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Technology Could Reduce Truck Accidents but Regulators Fail to Act

On behalf of Donald Carter at Carter & Fulton, P.S.

Despite Truck Accident Deaths Increasing, Regulations Are Falling Behind

For the fourth straight year, truck accident fatalities increased in the United States in 2013, prompting the National Transportation Safety Board (NTSB) to accuse regulators of failing to do enough to stem the problem, according to Bloomberg. The NTSB recently unveiled its “wish list” of improvements it believes are necessary to increase transportation safety. One of its priorities this year will be strengthening safety regulations in the trucking industry, such as by focusing on driver fatigue and technologies that could reduce accidents.

Technology Available, but Not Mandatory

The NTSB wants federal regulators to focus more on truck driver safety by passing regulations requiring anti-collision technology in trucks, clearer rules on driving hours, and better oversight of trucking companies that have a poor safety record. As Transport Topics Online notes, the NTSB itself cannot implement regulations, but can merely make recommendations to regulators and lawmakers.

The NTSB in particular pointed out that significant technology already exists that can alert drivers to nearby objects or to the fact that another vehicle nearby has changed lanes. Despite the obvious use these technologies could have in reducing traffic deaths, regulators have so far failed to make them mandatory in commercial vehicles.

Deaths Rise, but Regulations Relaxed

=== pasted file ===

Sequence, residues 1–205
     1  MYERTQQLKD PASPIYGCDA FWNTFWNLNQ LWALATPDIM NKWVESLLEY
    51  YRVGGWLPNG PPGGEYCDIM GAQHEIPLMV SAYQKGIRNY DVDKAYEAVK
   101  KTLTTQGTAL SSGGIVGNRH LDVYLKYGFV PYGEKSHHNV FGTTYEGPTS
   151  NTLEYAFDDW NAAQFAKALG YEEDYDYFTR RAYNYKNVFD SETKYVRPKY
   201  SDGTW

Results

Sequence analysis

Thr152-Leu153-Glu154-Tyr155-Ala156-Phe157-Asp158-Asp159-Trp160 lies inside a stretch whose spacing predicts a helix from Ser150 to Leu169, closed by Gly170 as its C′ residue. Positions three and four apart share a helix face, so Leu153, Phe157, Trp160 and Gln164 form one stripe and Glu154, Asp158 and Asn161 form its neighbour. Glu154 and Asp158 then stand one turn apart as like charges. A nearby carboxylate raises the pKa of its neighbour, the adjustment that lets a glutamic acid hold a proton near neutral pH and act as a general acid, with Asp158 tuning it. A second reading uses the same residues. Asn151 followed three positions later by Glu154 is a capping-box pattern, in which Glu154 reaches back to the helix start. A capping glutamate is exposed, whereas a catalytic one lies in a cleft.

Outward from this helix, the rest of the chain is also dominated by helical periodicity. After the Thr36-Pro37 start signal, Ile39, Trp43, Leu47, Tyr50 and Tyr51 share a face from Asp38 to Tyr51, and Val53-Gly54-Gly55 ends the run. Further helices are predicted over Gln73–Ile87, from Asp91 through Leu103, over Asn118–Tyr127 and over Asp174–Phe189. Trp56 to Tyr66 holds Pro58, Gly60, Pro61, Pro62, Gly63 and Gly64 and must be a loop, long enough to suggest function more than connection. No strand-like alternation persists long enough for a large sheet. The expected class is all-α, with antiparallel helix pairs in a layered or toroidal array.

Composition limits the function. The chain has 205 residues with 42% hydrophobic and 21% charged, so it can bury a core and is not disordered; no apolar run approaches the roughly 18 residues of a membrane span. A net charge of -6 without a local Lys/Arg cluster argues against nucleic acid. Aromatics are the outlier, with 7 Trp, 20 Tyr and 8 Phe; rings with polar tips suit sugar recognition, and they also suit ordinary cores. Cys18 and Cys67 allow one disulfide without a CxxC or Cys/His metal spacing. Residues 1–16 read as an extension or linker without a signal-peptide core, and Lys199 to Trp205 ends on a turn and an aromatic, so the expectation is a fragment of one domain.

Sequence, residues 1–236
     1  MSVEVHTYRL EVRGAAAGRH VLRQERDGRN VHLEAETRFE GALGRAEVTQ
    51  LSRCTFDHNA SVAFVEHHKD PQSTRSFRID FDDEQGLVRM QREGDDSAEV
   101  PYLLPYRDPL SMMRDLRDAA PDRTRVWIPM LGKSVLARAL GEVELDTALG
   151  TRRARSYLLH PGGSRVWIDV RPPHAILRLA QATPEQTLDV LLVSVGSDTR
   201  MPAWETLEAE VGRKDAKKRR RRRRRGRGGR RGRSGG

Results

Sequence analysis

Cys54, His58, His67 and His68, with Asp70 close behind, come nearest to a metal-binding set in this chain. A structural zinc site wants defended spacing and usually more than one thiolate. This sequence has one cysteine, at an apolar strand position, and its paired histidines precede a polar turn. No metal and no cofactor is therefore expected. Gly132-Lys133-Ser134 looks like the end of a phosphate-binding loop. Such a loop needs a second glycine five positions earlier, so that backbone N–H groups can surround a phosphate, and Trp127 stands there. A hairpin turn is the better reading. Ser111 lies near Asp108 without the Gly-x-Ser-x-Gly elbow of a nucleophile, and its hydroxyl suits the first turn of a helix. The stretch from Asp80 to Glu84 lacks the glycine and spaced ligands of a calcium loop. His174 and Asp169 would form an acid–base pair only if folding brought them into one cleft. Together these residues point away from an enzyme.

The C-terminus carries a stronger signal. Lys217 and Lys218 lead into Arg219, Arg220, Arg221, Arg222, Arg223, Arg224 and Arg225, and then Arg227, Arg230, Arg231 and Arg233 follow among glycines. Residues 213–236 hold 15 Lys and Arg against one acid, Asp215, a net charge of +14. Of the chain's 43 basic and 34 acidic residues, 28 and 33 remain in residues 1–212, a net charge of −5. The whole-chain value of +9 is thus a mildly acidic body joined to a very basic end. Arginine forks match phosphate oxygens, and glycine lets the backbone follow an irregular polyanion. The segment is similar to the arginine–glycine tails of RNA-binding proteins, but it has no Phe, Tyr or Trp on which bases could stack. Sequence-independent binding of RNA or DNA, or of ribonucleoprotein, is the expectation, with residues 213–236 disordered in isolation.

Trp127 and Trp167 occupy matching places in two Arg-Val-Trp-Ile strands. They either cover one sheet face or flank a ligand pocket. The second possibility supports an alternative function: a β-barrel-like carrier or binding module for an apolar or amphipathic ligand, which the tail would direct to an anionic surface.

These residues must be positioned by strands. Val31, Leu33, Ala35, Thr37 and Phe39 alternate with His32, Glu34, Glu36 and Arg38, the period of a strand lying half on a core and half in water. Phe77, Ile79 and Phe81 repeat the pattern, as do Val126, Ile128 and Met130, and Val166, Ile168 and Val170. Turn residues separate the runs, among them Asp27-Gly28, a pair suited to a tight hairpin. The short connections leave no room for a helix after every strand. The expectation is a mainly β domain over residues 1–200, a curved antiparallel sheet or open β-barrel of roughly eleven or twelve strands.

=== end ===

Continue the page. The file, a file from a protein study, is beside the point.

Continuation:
In fact, far from improving regulations in the trucking industry, safety advocates note that lawmakers recently suspended important regulations concerning allowable truck driver hours. In December, Congress put in place a one-year suspension of a rule that was designed to cut truck driver fatigue by limiting the number of hours truckers were allowed on the road each week. That suspension was attached to the U.S. government spending bill and was passed despite warnings from the U.S. Department of Transportation that the rules were needed to reduce truck accidents.

The issue has become a pressing one given that truck accident fatalities continue to rise across the U.S. Figures released by the U.S. Department of Transportation show that truck accident fatalities increased for the fourth consecutive row in 2013 to nearly 4,000 deaths. Between 2009 and 2013, truck accident fatalities have gone up by 17 percent nationally.

Accident Victims

Truck accidents are unique not only for the carnage and pain they can leave behind for countless victims and their families, but for the difficult legal and financial questions that they often give rise to. Numerous parties may have contributed to a truck accident, including not just the driver, but the vehicle’s owner and the trucking company, especially in cases where safety regulations may have been violated. Anybody who has been the victim of a truck accident should immediately contact an experienced personal injury attorney who can help victims in need of assistance tackling these complex cases.

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